Whilst roaming the green valleys of Emmental, scattered with traditional chalets, I recommend, lastly, paying a visit to Michael Spycher, whose Gruyère was this year voted “world champion cheese” in the United States. Living in the village of Wasen on the border between German-speaking Switzerland (famous for its Gruyère) and French-speaking Switzerland (renowned for its Emmental), this farmer produces both cheeses! Go on, have a taste and spot the difference: Gruyère is stronger to the taste, more fatty and matures for longer, whilst Emmental is more flowery and recognisable by its holes!
UEFA Euro 2008
Stade de Suisse Wankdorf
The Stade de Suisse, built in the shadow of the Federal Palace, is the pride of the Swiss capital. It stands on the site of the legendary Wankdorf, built in 1925, where the World Cup final was played in 1954, witnessing the 3-2 victory of the Federal Republic of Germany over the firm favourite, the legendary Hungarian team. At the time there was talk of the “miracle of Bern” and the Wankdorf and its two large corner towers (over 14 metres tall) went down in history.
In the late 1990s, the constraints of modern football and the dilapidation of the place caused the question of renovation to arise. And it was the people of Bern who settled the question in 1997, approving reconstruction by a large majority. Works commenced in 2001, and on 3rd August explosives were used to demolish the old stadium.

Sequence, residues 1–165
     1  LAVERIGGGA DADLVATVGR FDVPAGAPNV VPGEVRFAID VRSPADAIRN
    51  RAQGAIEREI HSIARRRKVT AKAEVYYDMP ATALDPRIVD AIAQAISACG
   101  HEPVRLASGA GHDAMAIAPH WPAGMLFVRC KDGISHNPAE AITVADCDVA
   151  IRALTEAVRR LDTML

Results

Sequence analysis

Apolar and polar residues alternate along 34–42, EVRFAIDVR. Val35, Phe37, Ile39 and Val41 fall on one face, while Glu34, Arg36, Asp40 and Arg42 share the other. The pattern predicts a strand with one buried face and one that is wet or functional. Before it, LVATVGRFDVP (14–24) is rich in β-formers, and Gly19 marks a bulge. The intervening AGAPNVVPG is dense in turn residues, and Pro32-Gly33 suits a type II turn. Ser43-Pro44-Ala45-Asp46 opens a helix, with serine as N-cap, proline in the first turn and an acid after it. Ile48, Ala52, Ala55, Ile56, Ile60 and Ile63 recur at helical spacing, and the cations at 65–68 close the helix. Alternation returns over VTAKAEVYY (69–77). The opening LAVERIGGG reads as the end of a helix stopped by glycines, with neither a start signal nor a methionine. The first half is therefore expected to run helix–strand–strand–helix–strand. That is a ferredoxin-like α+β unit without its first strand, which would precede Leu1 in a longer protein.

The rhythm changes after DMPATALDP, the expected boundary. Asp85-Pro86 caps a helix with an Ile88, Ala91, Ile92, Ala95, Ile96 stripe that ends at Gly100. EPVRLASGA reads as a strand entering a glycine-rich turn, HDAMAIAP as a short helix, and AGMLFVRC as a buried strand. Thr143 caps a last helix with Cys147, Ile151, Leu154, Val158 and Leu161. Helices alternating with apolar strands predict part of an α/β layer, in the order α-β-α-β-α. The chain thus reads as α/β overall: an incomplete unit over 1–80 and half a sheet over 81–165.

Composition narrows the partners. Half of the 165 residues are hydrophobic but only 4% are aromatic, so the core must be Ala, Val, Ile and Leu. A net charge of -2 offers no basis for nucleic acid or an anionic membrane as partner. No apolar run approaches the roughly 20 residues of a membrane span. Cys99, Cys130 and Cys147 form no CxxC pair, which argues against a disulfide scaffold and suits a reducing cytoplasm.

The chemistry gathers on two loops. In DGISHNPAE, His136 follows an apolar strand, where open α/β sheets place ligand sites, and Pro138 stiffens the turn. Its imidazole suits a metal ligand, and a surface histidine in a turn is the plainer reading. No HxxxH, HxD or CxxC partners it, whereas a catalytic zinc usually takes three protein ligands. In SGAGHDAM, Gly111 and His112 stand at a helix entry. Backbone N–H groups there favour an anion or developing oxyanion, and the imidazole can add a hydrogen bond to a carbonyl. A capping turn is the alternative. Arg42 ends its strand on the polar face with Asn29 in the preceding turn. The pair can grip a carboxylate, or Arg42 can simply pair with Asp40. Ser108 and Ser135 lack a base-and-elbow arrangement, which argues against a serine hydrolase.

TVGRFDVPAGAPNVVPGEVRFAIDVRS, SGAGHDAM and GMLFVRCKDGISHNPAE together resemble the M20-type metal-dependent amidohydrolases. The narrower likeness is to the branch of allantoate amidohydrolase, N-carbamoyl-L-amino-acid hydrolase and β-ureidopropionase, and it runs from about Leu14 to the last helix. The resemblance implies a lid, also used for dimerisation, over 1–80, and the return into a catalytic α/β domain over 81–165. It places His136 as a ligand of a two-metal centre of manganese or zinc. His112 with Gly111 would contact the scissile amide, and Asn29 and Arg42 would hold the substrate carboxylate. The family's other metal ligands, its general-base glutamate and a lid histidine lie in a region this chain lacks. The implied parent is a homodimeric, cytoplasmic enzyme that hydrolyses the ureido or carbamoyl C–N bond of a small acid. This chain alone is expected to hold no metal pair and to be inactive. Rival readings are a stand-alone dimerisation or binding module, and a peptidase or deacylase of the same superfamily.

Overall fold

The new, open and airy enclosure freed up a vast surface area beneath the stands and pitch. This is where a large shopping centre with restaurants and bars, a hotel and even a state school were to be built. The immense underground car park is also an asset of this multi-functional centre. The roof, rising to a height of 24 metres, is surmounted by a photovoltaic installation (a solar unit), the biggest in the world ever to be integrated into a stadium: its total energy production can reach around 1.2 million kWh, which corresponds to the annual consumption of a small village, i.e. 400 households. Officially opened on 30th July 2005 after four years of works, the 32,000-seat Stade de Suisse Wankdorf was Switzerland’s biggest elevated building site, costing a total of 370 million Swiss francs.
Lastly, the famous clock of the old Wankdorf has been reinstalled on the square adjacent to the stadium. As for the scoreboard, it has remained fixed on the final score of 1954.
CH-3000 Bern 25
Tel: +41 (0)31 339 55 00
Paul Klee Centre
Tredicipercento Wine Bar
Tel: +41 (0) 31 311 80 31
Métairie de Pierre-Feu
Tel: 032 489 19 51
Brasserie at the Hôtel du Cerf
4, rue du Collège
Tel: 032 488 33 22
Loewen Heimiswil Inn
“World Champion Gruyère”
Michael Spycher Family
Tel: 034 437 17 12